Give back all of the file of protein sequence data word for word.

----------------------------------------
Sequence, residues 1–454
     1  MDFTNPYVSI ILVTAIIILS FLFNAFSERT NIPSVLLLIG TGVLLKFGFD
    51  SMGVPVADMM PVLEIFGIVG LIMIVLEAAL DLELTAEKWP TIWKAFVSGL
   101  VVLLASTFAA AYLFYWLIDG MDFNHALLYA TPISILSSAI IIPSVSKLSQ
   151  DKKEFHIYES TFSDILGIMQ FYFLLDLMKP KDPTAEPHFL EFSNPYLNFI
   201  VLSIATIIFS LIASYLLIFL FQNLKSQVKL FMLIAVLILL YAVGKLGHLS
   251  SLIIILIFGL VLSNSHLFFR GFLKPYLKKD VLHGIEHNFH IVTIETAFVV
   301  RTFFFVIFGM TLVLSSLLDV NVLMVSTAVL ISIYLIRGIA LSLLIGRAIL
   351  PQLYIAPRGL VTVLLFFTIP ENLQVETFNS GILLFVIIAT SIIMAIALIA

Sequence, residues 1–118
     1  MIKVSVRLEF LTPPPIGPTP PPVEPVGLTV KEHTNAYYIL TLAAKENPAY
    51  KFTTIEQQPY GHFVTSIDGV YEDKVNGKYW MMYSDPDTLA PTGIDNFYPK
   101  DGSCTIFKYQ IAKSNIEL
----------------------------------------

Sequence, residues 1–454
     1  MDFTNPYVSI ILVTAIIILS FLFNAFSERT NIPSVLLLIG TGVLLKFGFD
    51  SMGVPVADMM PVLEIFGIVG LIMIVLEAAL DLELTAEKWP TIWKAFVSGL
   101  VVLLASTFAA AYLFYWLIDG MDFNHALLYA TPISILSSAI IIPSVSKLSQ
   151  DKKEFHIYES TFSDILGIMQ FYFLLDLMKP KDPTAEPHFL EFSNPYLNFI
   201  VLSIATIIFS LIASYLLIFL FQNLKSQVKL FMLIAVLILL YAVGKLGHLS
   251  SLIIILIFGL VLSNSHLFFR GFLKPYLKKD VLHGIEHNFH IVTIETAFVV
   301  RTFFFVIFGM TLVLSSLLDV NVLMVSTAVL ISIYLIRGIA LSLLIGRAIL
   351  PQLYIAPRGL VTVLLFFTIP ENLQVETFNS GILLFVIIAT SIIMAIALIA

Sequence, residues 1–118
     1  MIKVSVRLEF LTPPPIGPTP PPVEPVGLTV KEHTNAYYIL TLAAKENPAY
    51  KFTTIEQQPY GHFVTSIDGV YEDKVNGKYW MMYSDPDTLA PTGIDNFYPK
   101  DGSCTIFKYQ IAKSNIEL